which they stood. I had tried both ways. On the Dedication page itself it worked; those periods were primary
lessons and they guided me directly to what has been presented.
I know of no way to calculate the additional probative value of these signals or of these instructions. I know that
they were useful to me, and led me to what I offer here as a successful solution and as proof of that solution.
Basically these are acrostic methods; the critical letters have been enciphered and re-enciphered and then hidden in
an acrostic steganogram. The name of Bacon is thus to be found twice in a book almost unanimously, though
erroneously, attributed to William Shakespeare. Bear with me; we shall see it enciphered and deciphered again and
I will call upon the Friedmans for another example:
". . .acrostics have unquestionably been used to establish claims to authorship. . .in a Spanish treatise on the history
of New Mexico the author was ostensibly a Count of Torene, Don Pedro Baptist Pino; but his ghost writer was not to
be denied all credit for his work. The first letters of successive sentences, beginning on p. 43 with paragraphs for
breaks between words, reveal the name Juan Lopez Cancelada, a surreptitious but none the less certain
manifestation of the ghostly hand which held the pen. . .there is no room to doubt that they were put there by the
deliberate intent of the author; the length of the hidden text, [in this case only 18 letters] and the absolutely rigid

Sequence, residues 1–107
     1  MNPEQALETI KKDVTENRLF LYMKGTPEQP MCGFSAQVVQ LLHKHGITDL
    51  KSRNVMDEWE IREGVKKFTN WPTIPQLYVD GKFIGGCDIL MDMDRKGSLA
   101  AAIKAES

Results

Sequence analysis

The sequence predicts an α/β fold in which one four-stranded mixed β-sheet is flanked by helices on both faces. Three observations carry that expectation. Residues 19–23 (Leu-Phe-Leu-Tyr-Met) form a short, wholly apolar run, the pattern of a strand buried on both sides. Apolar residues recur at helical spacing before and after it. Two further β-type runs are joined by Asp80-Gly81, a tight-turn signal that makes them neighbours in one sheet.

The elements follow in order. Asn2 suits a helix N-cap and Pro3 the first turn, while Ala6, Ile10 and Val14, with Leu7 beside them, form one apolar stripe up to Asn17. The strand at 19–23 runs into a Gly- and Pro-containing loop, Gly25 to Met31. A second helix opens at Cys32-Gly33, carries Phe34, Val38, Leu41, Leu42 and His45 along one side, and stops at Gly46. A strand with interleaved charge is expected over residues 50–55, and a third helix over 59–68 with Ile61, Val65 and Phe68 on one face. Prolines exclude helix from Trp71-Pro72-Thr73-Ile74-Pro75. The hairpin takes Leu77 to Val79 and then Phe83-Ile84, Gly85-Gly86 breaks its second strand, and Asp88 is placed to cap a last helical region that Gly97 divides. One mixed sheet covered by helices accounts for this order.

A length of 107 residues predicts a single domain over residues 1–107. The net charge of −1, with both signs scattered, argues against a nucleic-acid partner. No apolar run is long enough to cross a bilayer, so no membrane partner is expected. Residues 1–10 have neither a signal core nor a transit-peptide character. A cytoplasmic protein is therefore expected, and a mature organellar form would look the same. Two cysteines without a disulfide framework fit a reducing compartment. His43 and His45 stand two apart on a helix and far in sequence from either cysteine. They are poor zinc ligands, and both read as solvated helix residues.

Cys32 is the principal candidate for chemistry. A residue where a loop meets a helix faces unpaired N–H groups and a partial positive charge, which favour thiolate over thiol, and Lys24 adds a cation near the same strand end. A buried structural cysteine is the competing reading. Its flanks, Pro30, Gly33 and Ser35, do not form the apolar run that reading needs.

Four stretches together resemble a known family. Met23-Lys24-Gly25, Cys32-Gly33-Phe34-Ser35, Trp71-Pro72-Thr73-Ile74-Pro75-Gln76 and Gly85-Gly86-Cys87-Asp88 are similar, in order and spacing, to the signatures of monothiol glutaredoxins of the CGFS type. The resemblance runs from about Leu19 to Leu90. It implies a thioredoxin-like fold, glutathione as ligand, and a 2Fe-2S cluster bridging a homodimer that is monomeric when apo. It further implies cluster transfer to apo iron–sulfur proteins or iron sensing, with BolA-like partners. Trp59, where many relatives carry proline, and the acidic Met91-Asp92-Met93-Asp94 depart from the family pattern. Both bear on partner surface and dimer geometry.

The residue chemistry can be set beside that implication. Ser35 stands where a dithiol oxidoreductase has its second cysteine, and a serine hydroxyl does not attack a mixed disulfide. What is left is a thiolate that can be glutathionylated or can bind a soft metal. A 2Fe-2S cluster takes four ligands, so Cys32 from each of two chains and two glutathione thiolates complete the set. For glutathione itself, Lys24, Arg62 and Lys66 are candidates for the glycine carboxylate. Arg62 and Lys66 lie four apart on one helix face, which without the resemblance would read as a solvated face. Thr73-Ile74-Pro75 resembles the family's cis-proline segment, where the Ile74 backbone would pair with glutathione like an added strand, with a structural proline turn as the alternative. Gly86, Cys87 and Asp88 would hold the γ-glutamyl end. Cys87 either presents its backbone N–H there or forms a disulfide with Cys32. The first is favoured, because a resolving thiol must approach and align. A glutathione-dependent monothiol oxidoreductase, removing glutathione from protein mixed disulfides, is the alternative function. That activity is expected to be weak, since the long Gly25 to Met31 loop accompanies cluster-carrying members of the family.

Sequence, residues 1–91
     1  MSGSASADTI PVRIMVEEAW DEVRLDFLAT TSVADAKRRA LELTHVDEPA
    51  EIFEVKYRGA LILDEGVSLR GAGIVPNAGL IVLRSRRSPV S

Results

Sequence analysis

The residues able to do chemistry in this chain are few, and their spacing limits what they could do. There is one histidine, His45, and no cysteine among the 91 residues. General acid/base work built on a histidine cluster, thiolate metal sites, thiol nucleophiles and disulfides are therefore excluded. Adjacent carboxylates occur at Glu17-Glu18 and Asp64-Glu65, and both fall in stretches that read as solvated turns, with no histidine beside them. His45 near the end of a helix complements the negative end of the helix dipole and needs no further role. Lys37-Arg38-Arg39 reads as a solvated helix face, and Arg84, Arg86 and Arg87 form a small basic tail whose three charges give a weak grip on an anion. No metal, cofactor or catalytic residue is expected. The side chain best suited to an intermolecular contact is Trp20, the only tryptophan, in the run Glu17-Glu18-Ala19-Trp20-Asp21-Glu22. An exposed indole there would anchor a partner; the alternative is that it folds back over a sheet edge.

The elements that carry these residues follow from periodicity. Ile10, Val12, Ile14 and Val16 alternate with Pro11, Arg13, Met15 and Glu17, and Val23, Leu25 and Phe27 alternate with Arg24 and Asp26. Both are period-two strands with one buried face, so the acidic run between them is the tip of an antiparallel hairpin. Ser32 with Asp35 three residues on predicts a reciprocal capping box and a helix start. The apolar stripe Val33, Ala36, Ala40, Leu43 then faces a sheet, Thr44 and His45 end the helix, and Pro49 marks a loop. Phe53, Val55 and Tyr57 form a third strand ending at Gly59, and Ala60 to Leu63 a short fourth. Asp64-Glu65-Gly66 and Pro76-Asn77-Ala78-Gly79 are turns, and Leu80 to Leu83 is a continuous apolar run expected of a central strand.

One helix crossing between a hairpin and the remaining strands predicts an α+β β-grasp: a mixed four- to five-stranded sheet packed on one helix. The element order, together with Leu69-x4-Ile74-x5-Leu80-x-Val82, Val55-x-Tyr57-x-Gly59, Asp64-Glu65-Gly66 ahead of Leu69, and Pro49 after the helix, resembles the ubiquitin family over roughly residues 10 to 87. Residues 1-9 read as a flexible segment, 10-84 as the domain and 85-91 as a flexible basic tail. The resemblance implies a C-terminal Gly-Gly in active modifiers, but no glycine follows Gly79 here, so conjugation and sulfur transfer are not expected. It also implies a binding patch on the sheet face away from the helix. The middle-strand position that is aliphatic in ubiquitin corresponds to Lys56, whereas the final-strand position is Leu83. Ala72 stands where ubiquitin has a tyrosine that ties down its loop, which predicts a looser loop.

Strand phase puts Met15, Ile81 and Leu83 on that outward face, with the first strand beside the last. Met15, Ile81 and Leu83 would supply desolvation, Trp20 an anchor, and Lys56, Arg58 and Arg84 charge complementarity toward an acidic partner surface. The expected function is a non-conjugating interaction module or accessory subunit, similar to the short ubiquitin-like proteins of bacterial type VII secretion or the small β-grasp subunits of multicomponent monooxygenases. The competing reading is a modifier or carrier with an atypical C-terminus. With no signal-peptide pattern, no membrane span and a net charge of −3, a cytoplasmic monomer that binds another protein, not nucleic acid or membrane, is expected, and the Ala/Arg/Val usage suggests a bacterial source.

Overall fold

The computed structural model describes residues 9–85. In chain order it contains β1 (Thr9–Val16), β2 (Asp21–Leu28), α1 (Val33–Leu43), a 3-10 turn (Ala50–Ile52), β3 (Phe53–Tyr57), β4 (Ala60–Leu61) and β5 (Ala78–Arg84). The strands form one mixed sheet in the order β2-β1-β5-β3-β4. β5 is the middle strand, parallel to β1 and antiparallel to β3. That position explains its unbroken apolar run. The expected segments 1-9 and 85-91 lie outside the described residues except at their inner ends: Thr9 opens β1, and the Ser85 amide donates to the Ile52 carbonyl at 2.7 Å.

order in which the letters appear, combine to make it enormously improbable that they just happened to be there by
accident. . ."
At another place, the Friedmans declare:
"Acrostic devices have the advantage that, unlike ciphers which depend on accidents of page-numbering or
particular kinds of type, they leave no doubt that the author of the open text must also have been responsible for any
hidden message. . .any message found must have been inserted by the man who wrote the open text. . .If, therefore,
any genuine messages of this kind exist, they must be taken as conclusive ." (Emphasis added).
Here it must be noticed that the Friedmans and others have accepted as convincing the cryptanalysis of the names of
several concealed authors. The minimum number of plaintext letters for proof of a monoalphabetic acrostic plaintext
name seems not to apply to such examples.
The form of Bacon's cipher is not one unknown to his era. At the end of Chapter 9, I have described a cipher system
invented by Johannes Trithemius before 1526. His manuscripts were collected and in 1606 were published in Latin,
the universal language of scholarship. In that timely book a remarkably similar device for superencipherment was
explained. The keys of Trithemius were included in the opentext; the keys referred to the first letters of words; an
abbreviated alphabet was required for decryption; and the ancient Caesar system was employed to read the
plaintext. Bacon published his keys to a variation of this cipher three years later. It is apparent, considering his
known interest in cryptography, that he adapted Trithemius to his own use. The precedent is manifest.